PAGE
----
Hospitals are developing mobile applications that doctors can prescribe to help patients manage their care, the Wall Street Journal reports.
Compared with health apps that consumers download independently, the hospital-developed apps are more likely to become part of patients’ daily routines because of they are prescribed and used under medical supervision, researchers say.
Overview of Apps
According to the Journal, hospital-developed apps can:
- Alert providers to problems before they develop into larger issues; and
- Send instructions, messages and reminders to patients.
Such apps are designed to target particular issues, such as management of cancer-related pain and surgery recovery, according to the Journal. For example:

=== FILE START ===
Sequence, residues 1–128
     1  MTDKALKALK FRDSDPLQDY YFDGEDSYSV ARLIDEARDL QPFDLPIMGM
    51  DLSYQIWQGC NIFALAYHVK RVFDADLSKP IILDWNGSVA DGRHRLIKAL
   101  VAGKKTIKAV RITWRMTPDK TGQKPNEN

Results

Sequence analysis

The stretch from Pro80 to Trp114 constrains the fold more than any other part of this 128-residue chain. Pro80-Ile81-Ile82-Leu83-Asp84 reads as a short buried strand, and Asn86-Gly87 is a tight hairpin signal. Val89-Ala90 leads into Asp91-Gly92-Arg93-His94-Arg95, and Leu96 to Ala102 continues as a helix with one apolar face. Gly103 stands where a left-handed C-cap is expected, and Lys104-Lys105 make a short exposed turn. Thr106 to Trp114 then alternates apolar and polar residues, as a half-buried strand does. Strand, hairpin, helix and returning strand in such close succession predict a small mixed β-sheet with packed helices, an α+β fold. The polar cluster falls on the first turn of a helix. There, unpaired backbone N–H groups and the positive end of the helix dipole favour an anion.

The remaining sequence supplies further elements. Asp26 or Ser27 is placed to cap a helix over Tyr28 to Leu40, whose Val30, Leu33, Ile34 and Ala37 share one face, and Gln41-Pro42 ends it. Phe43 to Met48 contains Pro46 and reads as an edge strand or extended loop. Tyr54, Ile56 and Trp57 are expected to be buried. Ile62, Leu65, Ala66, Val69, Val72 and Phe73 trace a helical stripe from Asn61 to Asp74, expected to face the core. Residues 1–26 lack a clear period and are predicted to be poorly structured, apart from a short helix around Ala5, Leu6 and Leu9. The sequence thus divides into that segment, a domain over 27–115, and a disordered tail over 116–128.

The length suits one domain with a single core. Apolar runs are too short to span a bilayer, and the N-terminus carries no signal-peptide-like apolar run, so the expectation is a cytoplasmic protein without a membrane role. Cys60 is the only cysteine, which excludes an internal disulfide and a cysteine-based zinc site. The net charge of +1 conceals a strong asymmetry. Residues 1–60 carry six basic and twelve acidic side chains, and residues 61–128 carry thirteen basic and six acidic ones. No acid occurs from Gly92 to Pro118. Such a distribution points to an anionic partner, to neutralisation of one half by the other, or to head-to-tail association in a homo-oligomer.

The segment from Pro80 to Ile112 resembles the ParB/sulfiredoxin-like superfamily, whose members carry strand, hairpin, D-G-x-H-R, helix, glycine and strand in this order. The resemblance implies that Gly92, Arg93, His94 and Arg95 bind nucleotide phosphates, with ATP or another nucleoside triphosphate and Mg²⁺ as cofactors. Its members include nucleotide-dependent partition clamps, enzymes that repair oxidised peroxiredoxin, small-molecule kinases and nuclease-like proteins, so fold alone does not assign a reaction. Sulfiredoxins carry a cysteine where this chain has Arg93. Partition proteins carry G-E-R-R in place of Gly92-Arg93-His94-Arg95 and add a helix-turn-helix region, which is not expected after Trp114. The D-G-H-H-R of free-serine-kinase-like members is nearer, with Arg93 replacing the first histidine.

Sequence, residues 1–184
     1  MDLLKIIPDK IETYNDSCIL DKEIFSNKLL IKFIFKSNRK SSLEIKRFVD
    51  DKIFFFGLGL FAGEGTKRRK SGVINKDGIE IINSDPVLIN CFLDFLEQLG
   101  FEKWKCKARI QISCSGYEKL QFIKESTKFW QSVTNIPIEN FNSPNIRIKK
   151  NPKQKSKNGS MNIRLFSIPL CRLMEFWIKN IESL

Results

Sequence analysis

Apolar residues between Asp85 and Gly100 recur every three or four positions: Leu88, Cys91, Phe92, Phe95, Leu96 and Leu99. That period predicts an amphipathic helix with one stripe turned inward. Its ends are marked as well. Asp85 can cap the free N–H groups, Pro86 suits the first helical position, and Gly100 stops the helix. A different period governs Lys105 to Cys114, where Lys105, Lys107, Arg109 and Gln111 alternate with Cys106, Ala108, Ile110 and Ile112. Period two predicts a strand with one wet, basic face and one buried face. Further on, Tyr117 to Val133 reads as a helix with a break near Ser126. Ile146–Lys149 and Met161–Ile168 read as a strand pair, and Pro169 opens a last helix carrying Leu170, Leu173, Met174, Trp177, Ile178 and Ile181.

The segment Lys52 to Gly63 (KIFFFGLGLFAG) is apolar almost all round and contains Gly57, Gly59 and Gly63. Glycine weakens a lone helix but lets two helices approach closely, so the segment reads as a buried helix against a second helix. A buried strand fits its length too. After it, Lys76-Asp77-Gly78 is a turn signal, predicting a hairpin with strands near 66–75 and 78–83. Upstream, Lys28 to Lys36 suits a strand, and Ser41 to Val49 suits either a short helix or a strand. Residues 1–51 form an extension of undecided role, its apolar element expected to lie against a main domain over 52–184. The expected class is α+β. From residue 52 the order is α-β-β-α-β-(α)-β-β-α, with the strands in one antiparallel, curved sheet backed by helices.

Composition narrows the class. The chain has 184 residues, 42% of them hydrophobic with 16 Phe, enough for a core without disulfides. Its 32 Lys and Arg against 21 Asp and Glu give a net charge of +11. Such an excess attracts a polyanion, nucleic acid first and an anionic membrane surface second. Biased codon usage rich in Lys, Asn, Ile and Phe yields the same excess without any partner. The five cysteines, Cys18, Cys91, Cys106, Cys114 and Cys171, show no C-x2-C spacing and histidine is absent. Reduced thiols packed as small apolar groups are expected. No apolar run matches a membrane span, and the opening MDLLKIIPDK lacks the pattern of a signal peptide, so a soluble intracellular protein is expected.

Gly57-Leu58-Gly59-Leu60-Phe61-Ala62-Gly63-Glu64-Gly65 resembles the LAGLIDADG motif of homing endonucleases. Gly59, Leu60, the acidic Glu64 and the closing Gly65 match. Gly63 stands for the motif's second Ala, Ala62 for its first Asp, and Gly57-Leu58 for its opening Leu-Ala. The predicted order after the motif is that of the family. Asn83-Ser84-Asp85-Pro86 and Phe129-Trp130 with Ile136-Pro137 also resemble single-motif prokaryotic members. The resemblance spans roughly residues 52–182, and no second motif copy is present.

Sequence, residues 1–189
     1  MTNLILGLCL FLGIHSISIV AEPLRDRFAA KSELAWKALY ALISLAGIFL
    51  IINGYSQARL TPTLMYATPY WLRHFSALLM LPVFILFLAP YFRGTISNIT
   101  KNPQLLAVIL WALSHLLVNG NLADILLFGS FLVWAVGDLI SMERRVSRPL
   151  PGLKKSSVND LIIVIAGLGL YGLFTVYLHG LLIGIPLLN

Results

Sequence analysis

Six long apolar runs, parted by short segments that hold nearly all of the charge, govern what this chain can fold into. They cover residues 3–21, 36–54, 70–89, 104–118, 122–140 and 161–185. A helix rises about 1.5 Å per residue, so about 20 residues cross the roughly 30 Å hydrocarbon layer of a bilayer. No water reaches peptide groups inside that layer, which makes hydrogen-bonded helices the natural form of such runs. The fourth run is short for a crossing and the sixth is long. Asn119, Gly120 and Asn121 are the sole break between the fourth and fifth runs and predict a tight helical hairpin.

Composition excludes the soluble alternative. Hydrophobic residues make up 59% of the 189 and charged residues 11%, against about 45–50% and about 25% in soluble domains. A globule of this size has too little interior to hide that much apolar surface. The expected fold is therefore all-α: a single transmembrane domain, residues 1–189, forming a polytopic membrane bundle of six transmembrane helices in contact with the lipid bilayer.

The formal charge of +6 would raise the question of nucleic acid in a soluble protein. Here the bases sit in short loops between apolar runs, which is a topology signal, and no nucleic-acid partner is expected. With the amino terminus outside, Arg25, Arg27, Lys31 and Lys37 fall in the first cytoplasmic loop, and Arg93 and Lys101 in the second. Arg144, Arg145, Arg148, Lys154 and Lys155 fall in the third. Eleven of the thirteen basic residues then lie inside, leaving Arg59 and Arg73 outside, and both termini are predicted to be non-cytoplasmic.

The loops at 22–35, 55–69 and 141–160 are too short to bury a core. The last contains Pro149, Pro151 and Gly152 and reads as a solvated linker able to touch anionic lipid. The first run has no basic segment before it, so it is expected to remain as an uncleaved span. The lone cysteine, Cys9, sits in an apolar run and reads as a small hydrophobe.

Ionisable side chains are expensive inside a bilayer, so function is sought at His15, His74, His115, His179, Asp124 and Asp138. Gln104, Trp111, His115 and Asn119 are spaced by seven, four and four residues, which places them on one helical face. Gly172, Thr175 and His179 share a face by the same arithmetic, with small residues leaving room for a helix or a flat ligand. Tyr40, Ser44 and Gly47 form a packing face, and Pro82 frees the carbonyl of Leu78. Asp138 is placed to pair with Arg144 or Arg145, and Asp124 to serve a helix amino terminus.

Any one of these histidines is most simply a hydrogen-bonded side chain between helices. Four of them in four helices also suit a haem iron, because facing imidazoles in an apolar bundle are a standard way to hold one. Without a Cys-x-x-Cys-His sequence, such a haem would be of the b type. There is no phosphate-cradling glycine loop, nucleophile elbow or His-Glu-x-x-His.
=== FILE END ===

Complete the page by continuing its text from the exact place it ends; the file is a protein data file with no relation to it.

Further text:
- The Breast Cancer Ally app, developed by researchers at the University of Michigan Health System, allows patients to monitor side effects after they leave the hospital or doctor’s office and provides recommendations for managing side effects and when to contact a provider; and
- ePal, developed by a team at Massachusetts General Hospital, helps patients adhere to medication regimens to treat cancer pain and manage side effects of such medication.
Meanwhile, researchers at Women’s College Hospital in Toronto are investigating whether a mobile app for breast reconstruction patients can lower the need for patients to see a physician within 30 days after the procedure, the period when complications and readmissions risks are highest. A pilot study found that the app:
- Had high patient satisfaction scores;
- Lowered in-person visits; and
- Was cost effective (Landro, Wall Street Journal, 11/9).
Source for Story: